Public transportation has revolutionized the way people travel and make their everyday commute. City buses and metros are usually cheap, convenient, and easy to navigate. They’re also an excellent energy and cost-efficient alternative to a car.

The most important thing to remember when taking public transportation is that you’re sharing it with everyone around you! You need to respect those individuals as well as the public space and service you’re all using.

Make sure you’re not the passenger that prompts a collective sigh of relief when you get off at your stop by practicing proper etiquette when it comes to communal transit. Follow these top ten golden rules to ensure your ride is a positive experience for you and everyone else!

The Top Ten Rules of Public Transportation Etiquette

1.) Let passengers exit first.

This is generally considered common knowledge, but some people seem to forget or discard this cardinal rule. In order to make space for boarding passengers, exiting riders need to get off first—give them room. Stand to the side while waiting to hop on and don’t try to force your way on while others are leaving.

2.) Give up your seat if necessary.

If you get on the bus and see it’s pretty empty you can sit in priority seating areas but be mindful if someone who really needs it boards. Even if you’re not in a designated priority space, it’s common courtesy to give up your seat for someone who needs it more than you—pregnant women, children, the elderly, or injured/disabled passengers.

3.) Only take up the space you need.

Don’t sit down in one seat and put your bag in the one next to you if the bus or train is crowded or starts filling up. Keep your feet and belongings out of the aisles and be careful not to block any doors either. If you’re standing, take off your backpack and put it at your feet so you don’t take up unnecessary space or accidentally hit someone with it. Leave room on the pole you’re holding as well so others can have a safe place to stand.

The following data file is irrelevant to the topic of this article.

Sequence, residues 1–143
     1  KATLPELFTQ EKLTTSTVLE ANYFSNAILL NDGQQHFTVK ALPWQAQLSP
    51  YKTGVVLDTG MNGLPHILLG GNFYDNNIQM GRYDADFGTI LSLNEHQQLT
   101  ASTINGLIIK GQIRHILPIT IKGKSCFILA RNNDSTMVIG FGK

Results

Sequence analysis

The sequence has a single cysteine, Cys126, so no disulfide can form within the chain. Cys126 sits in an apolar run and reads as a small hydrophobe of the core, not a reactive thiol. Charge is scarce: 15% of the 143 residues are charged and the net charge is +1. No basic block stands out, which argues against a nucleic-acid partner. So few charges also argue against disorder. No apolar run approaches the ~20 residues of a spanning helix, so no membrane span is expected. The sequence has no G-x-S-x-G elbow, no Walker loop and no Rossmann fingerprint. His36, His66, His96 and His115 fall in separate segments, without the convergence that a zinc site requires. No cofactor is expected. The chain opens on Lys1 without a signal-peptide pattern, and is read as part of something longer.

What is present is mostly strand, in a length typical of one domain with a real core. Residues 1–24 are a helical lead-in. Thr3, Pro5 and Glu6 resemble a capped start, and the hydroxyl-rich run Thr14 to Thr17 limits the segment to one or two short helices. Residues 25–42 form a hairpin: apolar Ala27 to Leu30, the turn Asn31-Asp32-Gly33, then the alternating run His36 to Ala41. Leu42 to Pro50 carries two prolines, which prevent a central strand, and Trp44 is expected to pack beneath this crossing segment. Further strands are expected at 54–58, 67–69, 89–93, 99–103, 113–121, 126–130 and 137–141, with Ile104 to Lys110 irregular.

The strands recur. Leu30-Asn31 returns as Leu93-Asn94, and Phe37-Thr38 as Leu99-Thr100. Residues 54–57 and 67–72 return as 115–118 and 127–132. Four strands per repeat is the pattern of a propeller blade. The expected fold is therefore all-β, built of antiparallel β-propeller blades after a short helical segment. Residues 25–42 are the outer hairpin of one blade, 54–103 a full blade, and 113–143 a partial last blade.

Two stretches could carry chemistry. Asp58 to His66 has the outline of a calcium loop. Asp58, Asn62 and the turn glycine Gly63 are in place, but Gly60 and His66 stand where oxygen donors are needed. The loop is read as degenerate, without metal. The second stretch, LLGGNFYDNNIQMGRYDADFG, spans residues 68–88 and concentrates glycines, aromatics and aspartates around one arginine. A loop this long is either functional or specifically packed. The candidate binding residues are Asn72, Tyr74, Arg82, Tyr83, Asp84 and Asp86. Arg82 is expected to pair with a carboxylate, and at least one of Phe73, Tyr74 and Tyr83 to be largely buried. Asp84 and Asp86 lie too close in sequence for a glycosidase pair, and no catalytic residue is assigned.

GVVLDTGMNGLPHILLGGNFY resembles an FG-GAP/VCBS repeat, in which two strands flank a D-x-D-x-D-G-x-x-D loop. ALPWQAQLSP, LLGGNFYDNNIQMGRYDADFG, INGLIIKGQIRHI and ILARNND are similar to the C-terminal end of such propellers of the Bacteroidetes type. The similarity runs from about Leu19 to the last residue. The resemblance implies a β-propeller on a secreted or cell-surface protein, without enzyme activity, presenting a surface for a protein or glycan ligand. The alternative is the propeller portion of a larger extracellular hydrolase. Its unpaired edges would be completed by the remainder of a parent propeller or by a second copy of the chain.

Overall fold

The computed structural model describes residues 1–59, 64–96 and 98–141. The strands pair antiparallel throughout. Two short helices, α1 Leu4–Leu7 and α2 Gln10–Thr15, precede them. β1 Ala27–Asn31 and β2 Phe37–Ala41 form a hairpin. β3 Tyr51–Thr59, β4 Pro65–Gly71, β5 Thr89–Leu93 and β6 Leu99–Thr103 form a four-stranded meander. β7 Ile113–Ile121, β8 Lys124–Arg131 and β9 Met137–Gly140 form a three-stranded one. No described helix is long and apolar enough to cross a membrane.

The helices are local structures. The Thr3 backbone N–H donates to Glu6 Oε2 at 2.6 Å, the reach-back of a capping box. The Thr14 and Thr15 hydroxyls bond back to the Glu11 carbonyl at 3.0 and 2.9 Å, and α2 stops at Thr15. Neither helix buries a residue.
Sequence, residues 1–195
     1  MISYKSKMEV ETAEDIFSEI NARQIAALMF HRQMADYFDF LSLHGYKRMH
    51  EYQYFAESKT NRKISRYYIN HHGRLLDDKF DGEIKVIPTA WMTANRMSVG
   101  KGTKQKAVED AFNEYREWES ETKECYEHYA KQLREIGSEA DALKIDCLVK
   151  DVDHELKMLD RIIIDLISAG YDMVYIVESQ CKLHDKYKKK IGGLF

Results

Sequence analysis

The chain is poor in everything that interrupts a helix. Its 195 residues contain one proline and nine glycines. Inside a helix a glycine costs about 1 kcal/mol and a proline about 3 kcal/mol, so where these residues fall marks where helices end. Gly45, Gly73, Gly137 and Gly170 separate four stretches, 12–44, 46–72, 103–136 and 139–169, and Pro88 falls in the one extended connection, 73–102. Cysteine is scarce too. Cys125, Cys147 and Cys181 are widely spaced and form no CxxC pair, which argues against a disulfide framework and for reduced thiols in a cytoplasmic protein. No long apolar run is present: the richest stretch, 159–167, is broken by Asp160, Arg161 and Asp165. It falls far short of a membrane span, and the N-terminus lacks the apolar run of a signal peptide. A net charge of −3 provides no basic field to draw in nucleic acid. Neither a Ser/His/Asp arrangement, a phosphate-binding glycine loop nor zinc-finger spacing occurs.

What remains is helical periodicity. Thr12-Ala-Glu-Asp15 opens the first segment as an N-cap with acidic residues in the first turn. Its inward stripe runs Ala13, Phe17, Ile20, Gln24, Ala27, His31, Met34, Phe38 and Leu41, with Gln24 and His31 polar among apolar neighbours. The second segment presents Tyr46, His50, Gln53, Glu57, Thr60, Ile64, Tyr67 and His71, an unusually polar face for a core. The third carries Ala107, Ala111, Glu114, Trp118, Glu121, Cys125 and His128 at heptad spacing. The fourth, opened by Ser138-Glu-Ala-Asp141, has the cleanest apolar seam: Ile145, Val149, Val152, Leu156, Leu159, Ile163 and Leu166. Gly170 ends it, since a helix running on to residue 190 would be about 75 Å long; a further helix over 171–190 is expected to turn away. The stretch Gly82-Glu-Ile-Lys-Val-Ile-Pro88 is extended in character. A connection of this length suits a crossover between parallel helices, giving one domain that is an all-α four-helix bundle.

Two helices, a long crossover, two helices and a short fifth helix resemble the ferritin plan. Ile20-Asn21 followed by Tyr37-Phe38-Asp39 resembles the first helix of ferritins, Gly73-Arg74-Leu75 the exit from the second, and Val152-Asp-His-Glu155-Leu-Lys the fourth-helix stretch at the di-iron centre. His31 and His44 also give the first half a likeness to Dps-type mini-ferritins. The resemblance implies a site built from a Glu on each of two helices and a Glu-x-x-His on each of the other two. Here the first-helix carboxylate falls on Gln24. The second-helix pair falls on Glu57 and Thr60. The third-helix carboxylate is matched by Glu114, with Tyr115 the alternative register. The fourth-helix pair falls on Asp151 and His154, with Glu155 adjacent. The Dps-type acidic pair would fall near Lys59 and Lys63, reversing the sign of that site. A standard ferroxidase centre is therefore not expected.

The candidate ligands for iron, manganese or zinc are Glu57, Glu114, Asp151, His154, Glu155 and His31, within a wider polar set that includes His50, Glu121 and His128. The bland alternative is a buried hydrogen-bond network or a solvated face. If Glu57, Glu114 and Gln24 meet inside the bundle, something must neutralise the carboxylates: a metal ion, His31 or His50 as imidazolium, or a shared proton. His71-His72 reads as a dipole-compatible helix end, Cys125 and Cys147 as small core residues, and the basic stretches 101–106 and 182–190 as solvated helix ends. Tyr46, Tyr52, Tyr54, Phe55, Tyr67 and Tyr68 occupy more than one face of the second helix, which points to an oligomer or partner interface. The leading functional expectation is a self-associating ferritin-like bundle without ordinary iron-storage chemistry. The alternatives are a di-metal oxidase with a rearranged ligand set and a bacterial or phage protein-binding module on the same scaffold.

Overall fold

4.) Be prepared to board.

Have your fare, ticket, or pass ready to go as soon as the bus pulls up. Don’t hold up the line fumbling around searching for it in your backpack—step to the side and let others pass if you’re struggling to find what you need. Streamline the boarding process by forming an orderly line as well.

5.) Keep your business to yourself.

Nobody wants to hear you telling your mother about your last trip to the gastroenterologist while they’re heading to work in the morning. Keep conversations with fellow passengers quiet, inoffensive, and short if it’s with a stranger. The same goes for phone calls. Also, don’t presume to take up someone else’s time—a lot of people use the commute to and from work to decompress and mentally prepare for the day.

6.) Respect transit staff.

This rule applies for bus drivers and all those working in the public transportation service. A friendly greeting and a thank you before you exit is kind and courteous, just make sure you leave it at that. Long conversations can take up too much time and energy for workers and hold up the route for others.

7.) Respect the property.

Using public transportation is a privilege; be responsible when you ride. Don’t litter, smoke, eat or drink, and of course, don’t vandalize anything. Clean up after yourself if you do make a mess and take care to cover your mouth when you cough or sneeze—and sanitize anything you’ve touched.

8.) Stand on the right, pass on the left on the escalator.

It’s just like following the rules of the road. Keep all steps of the public transit process orderly and efficient. Stand on the right side while riding the escalator so others walking up or down have space to pass you.

9.) Pay your fare.

Individuals who don’t ride the bus or metro legally are essentially stealing from those who do. Don’t try to swindle yourself a free ride by hopping the turnstile or rushing onto the bus with a crowd—pay your way like everybody else. If the morality of it doesn’t bother you, at least consider the hefty fine you’ll receive if you’re caught riding without a ticket.

10.) Keep your electronics quiet.

Blasting your music on speaker or so loud everyone can hear it through your headphones is rude and obnoxious. Respect other riders by using headphones for your phone, laptop, tablet, etc. and then ensuring the volume is appropriate. Don’t have conversations on speaker phone or FaceTime and be considerate enough to put your phone on vibrate or silent, so as not to disturb others.

Are you looking to add another bus to your city’s public transportation system or commercial business? Head over to Northwest Bus Sales’ website to check out our wide selection of new and used buses, shuttles, and trolleys! We’ve been proudly serving the transportation industry for over three decades, ensuring our customers get the bus they need when they need it!